MU researchers bring awareness to emotional support animals
ESAs raise ethical and legal questions for clinical psychologists and their clients.
Sep. 06, 2016
Freshman Laura Sigmund lives with her emotional support cat in Hatch Hall.
An emotional support animal provides “physical assistance, emotional support, calming and other kinds of assistance,” according to the service animals section of MU’s online manual of Business Policy and Procedure.
Any ESA kept in university housing must be approved by the Disability Center. Unlike service animals, which must be either a dog or in some cases a miniature horse, an ESA can be any species and does not require specific training.
This process begins when an individual applies for a disability accommodation on the Disability Center website. Then, the student meets with an access adviser to determine whether keeping an ESA is a reasonable accommodation, Barbara Hammer, director of the Disability Center, said.
Sigmund’s cat is eligible to live in her room because it helps Sigmund deal with anxiety and depression.
“It wasn’t difficult for me to show that I had need,” Sigmund said. “It’s been pretty smooth sailing.”
In some cases, the Disability Center will ask for a recommendation from a mental health professional before approving an ESA, but documentation is not required.
“In our case, or in the case of a landlord, we can’t make a person jump through a lot of hoops to provide us with documentation,” Hammer said. “We can’t ask a lot of intrusive questions about the nature of their disability.”
MU researchers are currently exploring the ethical and legal ramifications of psychologists certifying that a person needs an ESA. They have already published one article in the journal Professional Psychology: Research and Practice.
“... There [are] no guidelines on this and there’s kind of a lack of awareness generally about not only what ESAs are, but also how psychologists are involved in that process,” said Cassie Boness, a graduate student in clinical psychology and co-author of the article.
Boness said while there is research regarding service animals and pets in general, ESAs are a new topic.
“The research that we found trying to answer the question, ‘Is there any evidence of the effectiveness of ESAs?’ is lacking,” Boness said.
Psychologists don’t have clear guidelines, either.
“[ESAs] also aren’t supported by the Americans with Disabilities Act, so there’s no regulatory board that looks over the certifications for ESAs,” Boness said.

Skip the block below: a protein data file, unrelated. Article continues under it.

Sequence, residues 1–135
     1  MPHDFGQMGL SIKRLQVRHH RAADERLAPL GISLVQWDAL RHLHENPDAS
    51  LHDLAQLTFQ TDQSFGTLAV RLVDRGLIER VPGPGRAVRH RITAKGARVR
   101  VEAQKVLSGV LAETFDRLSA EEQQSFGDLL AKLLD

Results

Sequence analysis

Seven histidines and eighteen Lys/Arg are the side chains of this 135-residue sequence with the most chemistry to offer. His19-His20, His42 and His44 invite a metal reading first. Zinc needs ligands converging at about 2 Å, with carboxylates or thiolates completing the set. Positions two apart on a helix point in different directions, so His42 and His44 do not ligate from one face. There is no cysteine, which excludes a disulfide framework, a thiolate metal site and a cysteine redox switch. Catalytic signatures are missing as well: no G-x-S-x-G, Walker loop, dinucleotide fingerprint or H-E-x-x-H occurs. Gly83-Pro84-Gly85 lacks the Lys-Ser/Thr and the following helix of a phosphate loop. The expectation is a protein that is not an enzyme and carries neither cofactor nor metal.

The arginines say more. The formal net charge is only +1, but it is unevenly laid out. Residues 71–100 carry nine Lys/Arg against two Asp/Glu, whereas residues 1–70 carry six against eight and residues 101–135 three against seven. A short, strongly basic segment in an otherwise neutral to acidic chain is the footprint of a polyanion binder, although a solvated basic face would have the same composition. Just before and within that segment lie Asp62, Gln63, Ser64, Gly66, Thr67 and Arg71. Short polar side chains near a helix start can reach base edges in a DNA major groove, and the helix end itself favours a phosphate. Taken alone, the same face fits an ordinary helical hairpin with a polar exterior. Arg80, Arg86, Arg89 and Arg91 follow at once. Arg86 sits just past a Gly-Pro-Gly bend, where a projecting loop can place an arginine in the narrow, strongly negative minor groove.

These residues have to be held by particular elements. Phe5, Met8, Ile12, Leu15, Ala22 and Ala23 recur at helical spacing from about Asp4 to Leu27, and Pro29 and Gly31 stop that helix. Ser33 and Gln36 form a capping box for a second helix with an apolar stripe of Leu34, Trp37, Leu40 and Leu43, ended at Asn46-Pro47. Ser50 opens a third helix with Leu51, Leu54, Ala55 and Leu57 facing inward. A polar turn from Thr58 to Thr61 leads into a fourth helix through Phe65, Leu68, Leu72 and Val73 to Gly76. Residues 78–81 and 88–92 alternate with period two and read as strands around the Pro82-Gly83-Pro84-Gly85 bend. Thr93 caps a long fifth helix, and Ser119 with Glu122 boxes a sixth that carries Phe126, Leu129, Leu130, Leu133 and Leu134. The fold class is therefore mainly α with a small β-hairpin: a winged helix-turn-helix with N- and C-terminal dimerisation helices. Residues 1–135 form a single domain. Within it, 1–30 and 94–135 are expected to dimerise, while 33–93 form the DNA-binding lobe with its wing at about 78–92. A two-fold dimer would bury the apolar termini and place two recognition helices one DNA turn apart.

This is significant because individuals can easily get an ESA certified online without even meeting in-person with a psychologist, Boness said. Clinical psychologists can also certify ESAs.
The researchers recommend that these letters be written only by forensic psychologists, who work at the intersection of psychology and law.
“These letters are in fact formal disability determinations under the law, which makes them a forensic evaluation, from our point of view,” Jeffrey Younggren, clinical professor and lead author of the article, said. “We believe that clinicians shouldn’t even be doing them, first because it’s not a part of their job as a treating therapist, and second because they aren’t really objective about their client’s needs and the impact of that determination.”
Sigmund, who discussed her ESA with her roommate beforehand, said she believes that other individuals who may not have a true need could cheat the system.
“They don’t really understand [the ESA] is for a mental illness, and they just think that I brought my cat because I went through the right system,” Sigmund said. “She actually has a purpose. So I definitely think that if people knew how to get through it, they would definitely abuse the system.”
Currently, six MU students, including Sigmund, have an ESA in university-run housing. Hammer said this is an increase from four or five years ago, when requests were as rare as one a year.
At MU, ESAs are only allowed in the owner’s room. They are not allowed anywhere else on campus, according to university policy. Legally, ESAs are protected by the Air Carrier Access Act and the Fair Housing Act. The balance of the rights of the individual and the rights of the public is fundamental to the debate over ESAs, the researchers said.
“We’re mainly focusing on what types of techniques and assessment instruments should be used to make this evaluation,” Boness said. “We’re trying to think about what are standardized instruments that are familiar to forensic psychologists that would be useful.”
Edited by Claire Mitzel | firstname.lastname@example.org